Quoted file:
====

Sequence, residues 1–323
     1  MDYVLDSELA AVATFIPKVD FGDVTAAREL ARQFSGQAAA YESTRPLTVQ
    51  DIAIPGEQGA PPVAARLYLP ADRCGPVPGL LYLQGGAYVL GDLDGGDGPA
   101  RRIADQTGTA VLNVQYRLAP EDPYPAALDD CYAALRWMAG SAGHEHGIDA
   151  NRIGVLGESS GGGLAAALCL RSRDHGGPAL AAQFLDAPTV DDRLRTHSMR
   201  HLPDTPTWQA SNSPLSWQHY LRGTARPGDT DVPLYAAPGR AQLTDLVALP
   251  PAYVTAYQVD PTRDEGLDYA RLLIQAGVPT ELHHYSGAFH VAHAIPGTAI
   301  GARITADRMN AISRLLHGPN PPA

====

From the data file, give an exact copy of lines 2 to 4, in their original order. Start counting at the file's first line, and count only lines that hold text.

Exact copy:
     1  MDYVLDSELA AVATFIPKVD FGDVTAAREL ARQFSGQAAA YESTRPLTVQ
    51  DIAIPGEQGA PPVAARLYLP ADRCGPVPGL LYLQGGAYVL GDLDGGDGPA
   101  RRIADQTGTA VLNVQYRLAP EDPYPAALDD CYAALRWMAG SAGHEHGIDA